There I sat, pondering away on how beautiful butternut squash is; how vibrant and lively, and yet how delicately, sweetly unassuming when eaten. Into my head popped a wee fragment of a memory of how my Grandma B used to pronounce the word beautiful. B-E-A-U-tiful! she'd say, every time, in a sort of sing-songy voice, emphasizing each vowel at the beginning of the word, with the "U" receiving the most attention and highest pitch. As if, when we choose to acclaim the beauty of something, we must truly go for it, give it the praise it deserves. (And conversely, we must refrain from shallow, meaningless compliments, I believe Grandma B would have advised.) B-E-A-U-tiful kept playing out in my mind, over and over. That line of thought led me down a little reminiscing sort of path, of my grandma.
This is one of those indirectly-related-food-memories, obviously. Grandma B was decidedly not a cook. Her most successful dish was coleslaw. The least, liverwurst sandwiches. (Shudder.) Which we used to feed to their poodle, Jacques, as soon as her back was turned to pour a wee gin and tonic. (Grandma B pronounced it Jock. Just so you know.)
Grandma B was very cool. Especially considering that grandmothers generally aren't thought of as cool. She wore amazing pant suits well past the 70's, and rocked them. She ran a music store, and let me come stay for weeks in the summer, helping out in the store. I got to run the cash register, by the way. And take as much free sheet music and records as I liked as my pay. Oh yeah, those were the days. She drank G & T's, because in her mind, that's what ladies drank. And in her later years, she drank Seagram's on the rocks. I think this made her a little bit bad-ass. She smoked (what grandmother didn't, in those days?), but only with a cigarette holder, because it was low-class, otherwise. She taught me to shuffle cards, and deal like I worked in a casino, at about age 8. Grandma B never swore, but she did teach me what I thought was a scandalously named card game, Screw Your Neighbor. She used to wake me in the middle of the sticky-hot, Walla Walla nights, to go sit outside and watch the stars, drinking an icy-cold limeade. I'm pretty sure hers had a tipple of Seagram's in it. I was never treated as many children are by grandparents, neither coddled nor condescended to, but rather felt as if I were, if not exactly a peer, perhaps a protegé. As if she were pleased to spend time with me. Grandma B was the perfect combination of old-school etiquette, and graceful rebel. She was an amazing conunudrum. (Pronounced AY-MAY-zing, of course.)
Grandma B is no longer with us, but there are, from time to inexplicable time, random flashes of memories of her, that absolutely delight me. There is absolutely no logical reason that my mind took off on its reminiscences of her, in relation to butternut squash. Other than that I think it's beautiful. As was she. I can only dream of being that cool.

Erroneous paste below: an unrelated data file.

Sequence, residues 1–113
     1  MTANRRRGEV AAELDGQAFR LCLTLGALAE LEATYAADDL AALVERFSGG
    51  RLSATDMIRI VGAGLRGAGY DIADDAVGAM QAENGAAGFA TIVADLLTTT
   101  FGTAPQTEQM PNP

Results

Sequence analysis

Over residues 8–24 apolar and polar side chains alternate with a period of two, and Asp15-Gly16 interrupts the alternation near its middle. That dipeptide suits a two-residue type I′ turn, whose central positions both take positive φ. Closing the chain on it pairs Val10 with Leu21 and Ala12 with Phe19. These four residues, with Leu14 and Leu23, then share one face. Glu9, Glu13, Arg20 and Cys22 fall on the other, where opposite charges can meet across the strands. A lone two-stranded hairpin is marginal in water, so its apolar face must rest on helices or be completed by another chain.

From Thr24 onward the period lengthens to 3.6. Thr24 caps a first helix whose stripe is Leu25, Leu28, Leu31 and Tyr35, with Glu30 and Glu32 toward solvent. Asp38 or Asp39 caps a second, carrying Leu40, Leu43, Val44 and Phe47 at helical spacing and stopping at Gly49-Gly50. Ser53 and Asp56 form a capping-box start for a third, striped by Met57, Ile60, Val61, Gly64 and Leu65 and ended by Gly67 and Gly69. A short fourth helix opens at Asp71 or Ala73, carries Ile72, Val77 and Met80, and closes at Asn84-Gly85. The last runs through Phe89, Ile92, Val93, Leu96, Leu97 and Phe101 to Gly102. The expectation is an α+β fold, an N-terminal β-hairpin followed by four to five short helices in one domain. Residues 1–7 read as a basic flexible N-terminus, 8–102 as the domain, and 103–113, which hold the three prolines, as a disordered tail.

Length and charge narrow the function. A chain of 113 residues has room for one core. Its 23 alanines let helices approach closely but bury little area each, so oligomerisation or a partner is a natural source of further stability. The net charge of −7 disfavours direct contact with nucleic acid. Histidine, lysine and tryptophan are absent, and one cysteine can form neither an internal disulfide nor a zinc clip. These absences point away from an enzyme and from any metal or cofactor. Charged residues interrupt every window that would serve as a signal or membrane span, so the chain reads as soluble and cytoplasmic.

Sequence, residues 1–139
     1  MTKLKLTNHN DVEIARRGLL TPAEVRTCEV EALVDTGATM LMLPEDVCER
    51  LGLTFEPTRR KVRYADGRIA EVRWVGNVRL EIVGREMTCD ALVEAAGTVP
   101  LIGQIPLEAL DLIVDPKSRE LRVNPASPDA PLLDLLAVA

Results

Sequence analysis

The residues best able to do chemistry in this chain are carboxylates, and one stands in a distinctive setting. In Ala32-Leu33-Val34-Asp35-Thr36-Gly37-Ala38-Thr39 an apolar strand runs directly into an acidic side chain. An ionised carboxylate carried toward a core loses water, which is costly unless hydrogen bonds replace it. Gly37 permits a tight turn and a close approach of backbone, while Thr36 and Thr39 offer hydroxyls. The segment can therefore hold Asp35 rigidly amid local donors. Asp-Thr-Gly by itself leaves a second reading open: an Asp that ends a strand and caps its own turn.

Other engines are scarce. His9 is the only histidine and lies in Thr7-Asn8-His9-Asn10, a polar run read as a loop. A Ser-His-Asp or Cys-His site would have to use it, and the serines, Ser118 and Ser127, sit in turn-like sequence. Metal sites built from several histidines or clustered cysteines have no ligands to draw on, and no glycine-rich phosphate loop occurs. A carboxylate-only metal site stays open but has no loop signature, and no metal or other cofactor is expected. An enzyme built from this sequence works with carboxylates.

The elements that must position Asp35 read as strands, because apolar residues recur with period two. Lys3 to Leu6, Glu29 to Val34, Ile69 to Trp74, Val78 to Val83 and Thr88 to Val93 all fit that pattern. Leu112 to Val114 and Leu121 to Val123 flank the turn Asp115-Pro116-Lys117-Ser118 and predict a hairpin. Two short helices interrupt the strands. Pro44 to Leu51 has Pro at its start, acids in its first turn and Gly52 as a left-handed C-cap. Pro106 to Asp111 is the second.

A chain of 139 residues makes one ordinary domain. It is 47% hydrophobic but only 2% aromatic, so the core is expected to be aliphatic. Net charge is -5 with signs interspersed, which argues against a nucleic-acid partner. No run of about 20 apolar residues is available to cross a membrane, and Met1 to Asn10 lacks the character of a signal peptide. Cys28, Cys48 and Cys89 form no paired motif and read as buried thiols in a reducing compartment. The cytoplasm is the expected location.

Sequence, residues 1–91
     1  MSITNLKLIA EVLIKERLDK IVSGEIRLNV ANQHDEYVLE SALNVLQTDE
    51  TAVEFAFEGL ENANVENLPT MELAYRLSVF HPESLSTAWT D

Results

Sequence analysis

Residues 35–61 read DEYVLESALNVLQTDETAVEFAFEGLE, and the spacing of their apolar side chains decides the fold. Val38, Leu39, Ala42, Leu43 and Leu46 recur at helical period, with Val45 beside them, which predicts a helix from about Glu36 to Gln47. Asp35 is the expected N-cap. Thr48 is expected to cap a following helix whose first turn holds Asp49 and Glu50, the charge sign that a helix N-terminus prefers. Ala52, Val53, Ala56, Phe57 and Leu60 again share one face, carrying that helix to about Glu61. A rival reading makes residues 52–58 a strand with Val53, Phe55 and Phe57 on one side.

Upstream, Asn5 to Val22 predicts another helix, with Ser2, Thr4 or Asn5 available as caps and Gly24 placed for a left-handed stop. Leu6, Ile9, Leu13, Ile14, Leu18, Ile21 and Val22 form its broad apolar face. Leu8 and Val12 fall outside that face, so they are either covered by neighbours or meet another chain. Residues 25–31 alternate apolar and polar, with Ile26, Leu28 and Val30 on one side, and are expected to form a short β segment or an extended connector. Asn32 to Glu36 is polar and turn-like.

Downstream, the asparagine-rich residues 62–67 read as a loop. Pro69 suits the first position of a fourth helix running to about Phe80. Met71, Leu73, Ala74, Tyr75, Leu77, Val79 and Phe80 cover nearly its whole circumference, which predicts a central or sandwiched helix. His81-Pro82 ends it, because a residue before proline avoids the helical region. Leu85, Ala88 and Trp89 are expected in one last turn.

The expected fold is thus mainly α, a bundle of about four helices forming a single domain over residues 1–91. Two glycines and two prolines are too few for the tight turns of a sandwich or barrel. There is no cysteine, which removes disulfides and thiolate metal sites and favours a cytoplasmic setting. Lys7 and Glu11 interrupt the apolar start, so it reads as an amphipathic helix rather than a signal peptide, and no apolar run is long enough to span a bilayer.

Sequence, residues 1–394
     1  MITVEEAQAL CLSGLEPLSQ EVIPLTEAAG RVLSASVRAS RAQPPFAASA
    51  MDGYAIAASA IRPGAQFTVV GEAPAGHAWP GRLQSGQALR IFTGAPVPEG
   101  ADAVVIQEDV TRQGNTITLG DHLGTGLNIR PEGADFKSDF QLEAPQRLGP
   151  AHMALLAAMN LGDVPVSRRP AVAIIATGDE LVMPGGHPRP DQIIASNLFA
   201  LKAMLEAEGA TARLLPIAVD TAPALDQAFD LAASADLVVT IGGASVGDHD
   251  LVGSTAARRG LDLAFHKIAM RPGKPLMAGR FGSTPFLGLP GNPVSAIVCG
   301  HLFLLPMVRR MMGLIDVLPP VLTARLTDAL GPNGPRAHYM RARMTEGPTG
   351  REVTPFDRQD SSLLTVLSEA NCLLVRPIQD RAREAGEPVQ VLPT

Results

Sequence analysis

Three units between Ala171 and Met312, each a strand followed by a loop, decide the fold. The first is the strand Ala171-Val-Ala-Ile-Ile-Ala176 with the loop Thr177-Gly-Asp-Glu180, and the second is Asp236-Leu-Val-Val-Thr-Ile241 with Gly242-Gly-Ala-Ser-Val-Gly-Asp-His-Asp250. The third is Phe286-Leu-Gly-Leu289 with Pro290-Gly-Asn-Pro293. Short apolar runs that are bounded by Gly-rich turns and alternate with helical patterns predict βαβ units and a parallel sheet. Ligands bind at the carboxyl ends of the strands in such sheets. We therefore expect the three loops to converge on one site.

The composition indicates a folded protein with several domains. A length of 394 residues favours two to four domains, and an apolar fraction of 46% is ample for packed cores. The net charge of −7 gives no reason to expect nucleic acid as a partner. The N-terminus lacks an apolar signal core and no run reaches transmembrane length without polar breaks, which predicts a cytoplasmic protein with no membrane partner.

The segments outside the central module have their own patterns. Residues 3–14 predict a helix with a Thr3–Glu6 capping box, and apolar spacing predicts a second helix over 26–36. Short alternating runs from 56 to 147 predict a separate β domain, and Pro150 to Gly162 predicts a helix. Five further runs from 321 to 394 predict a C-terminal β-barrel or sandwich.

So, the recipe. It comes from a book I found on the library shelf, Parisian Home Cooking, by Michael Roberts. It is one of those dishes that is incredibly simple to prepare, and yet knocks your socks off with its contradictorily bold and subtle flavors. Fresh bay leaves, ground cardamom, and ground coriander, tease something new and exciting out of the squash, while still remaining ever-respectful of its graceful, tranquil essence. Beautiful.
Gratinéed Winter Squash - Gratin de Courge - adapted from Parisian Home Cooking
1 medium butternut, or other winter squash, approximately 1 pound or so
1 medium onion, finely chopped
2 cloves garlic, minced
1/2 cup heavy cream
3 fresh bay leaves
1/8 tsp freshly grated nutmeg
1/4 tsp ground cardamom
1/4 tsp ground coriander
3/4 to 1 tsp sea salt
1/2 tsp freshly ground pepper
1/2 cup grated Gruyere cheese
Preheat the oven to 375 deg F. Butter a large baking dish.
Prepare the squash. If using a butternut, slice off each end, then stand on one of the sliced ends, and cut in half, top to bottom. Scoop out seeds, then slice into half-rounds, about 1/4 to 1/2 inch thick. Using a sharp knife, cut the peel off each semi-round of squash. Place in a large bowl, and toss to coat with all ingredients, except cheese.
Pour the squash mixture out into your prepared baking dish, cover tightly with foil (or a lid, if you have one), and bake for 35 minutes, or until the squash is tender.
Remove the dish from the oven, and turn on the broiler, set to high. Uncover the baking dish, remove the bay leaves, and sprinkle with cheese. Place under the broiler until the surface bubbles and turns golden. Serve immediately.
We ate our gratin with some roasted beets and green beans, tossed in balsamic.